Sympathy for Vick

JIM BENDER -- Sun Media

, Last Updated: 8:04 AM ET

Winnipeg Blue Bombers defensive end Gavin Walls knows Michael Vick must pay the price for getting involved in illegal dogfighting.

But he still sympathizes with the Atlanta Falcons quarterback.

"He's a good friend of mine," Walls said yesterday. "We're from the same area and we played high school football against each other and stuff like that. I feel bad for him because they showed recognition of my (CFL career) from the beginning of the season back home and they showed his stuff doing bad.

"Of course, I'm not making the money he's making. But that's how things change. I feel bad for him and I wish I could talk to him but I'm a long ways from home. I wish the best for him but they (lawmakers) don't play around in Virginia, man."

Walls, who grew up in Hampton, Va., also refused to blame Vick's woes on falling in with a bad crowd.

"Nobody tells him how to spend his money and that's what he felt like was his investment -- the dogs," he said. "But when you do illegal things, it's a matter of time before they catch up, no matter how much money you've got.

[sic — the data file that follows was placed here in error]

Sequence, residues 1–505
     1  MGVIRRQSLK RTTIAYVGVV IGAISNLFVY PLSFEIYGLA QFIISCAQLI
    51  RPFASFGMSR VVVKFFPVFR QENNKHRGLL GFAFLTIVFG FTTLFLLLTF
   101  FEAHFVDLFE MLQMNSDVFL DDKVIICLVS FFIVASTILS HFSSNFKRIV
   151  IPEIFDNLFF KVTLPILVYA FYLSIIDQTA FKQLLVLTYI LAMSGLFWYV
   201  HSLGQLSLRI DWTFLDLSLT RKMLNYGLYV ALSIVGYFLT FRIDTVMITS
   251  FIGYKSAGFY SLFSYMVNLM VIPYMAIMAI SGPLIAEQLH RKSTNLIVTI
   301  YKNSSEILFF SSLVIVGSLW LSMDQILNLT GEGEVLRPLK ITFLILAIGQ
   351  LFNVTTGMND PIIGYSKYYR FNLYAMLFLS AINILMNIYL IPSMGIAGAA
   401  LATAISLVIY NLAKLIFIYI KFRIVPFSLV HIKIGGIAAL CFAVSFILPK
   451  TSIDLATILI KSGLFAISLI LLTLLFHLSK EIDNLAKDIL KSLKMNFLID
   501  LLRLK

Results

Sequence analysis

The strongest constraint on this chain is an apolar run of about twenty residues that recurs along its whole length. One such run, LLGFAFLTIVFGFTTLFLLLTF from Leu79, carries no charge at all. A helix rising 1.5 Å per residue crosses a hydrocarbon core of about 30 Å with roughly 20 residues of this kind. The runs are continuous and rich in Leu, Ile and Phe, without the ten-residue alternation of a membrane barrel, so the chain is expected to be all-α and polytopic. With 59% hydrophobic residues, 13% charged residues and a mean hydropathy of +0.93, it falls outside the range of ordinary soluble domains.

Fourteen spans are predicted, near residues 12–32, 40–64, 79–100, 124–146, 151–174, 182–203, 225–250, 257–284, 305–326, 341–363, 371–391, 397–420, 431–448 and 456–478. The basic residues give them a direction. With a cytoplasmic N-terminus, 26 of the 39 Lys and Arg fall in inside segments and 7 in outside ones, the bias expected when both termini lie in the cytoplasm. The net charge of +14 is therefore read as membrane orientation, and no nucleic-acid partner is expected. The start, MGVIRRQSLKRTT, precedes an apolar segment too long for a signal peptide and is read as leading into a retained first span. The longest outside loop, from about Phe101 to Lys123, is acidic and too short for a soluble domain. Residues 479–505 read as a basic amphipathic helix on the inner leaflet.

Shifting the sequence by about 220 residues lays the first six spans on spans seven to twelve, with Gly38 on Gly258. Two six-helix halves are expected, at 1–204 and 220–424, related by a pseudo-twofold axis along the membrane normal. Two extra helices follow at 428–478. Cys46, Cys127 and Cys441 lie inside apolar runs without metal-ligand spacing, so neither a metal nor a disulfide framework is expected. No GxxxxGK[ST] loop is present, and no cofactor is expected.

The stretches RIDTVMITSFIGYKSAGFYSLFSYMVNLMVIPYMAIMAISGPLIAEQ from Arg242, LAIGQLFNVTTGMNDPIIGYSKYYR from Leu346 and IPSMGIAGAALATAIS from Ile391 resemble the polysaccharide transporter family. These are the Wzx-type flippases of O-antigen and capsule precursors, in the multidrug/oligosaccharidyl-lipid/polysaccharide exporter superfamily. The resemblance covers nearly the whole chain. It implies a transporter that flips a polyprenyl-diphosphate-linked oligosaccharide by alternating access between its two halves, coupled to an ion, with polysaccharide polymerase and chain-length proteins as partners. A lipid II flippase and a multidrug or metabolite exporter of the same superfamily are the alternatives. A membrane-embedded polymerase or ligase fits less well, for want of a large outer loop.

You can't hide from breaking the law. It's one of those things where he should have been a little bit smarter. I don't know if that consisted of having the right or wrong crowd around him, that's up to him."

Dogfighting is apparently quite common in some areas.

"In Oklahoma, they do all that stuff -- cockfighting, dog fighting," Walls said. "But cockfighting ain't as vicious as dogs locking on another dog."

Dogfights average about an hour in length and can last up to two, ending when one dog cannot or will not continue.

"When I was young, my stepdad used to fight dogs but it was one of them things that I never got involved in it because I like animals a lot more than just putting them to the test for money," Walls said.

"It was just something around the neighbourhood. I was about nine years old when I saw one. But I knew it was nothing that I would be doing."

However, his stepdad did not do it for cash.

"He just wanted to prove to one of my uncles or something that it was a better dog," Walls said. "Guys got to drinking a little bit and got to proving something. But it wasn't like a big chain or anything like that."

Walls believes that Vick's NFL career is "probably ruined."

"Everybody back home in Hampton, Va., they're just waiting to see what the verdict's going to be," he said.

Like Walls, Blue Bombers defensive back Davin Bush said dog fights were commonplace near where he grew up in Miami.

"I heard about it lots but I never actually seen it," he said.

But Bush believes that Vick should get a second chance.

"Everybody makes mistakes and I feel like, if he did do what he did, he shouldn't be punished for six years or something like that," he said.

"Hopefully, it works out for him and we get to see him play again because he's a great player."


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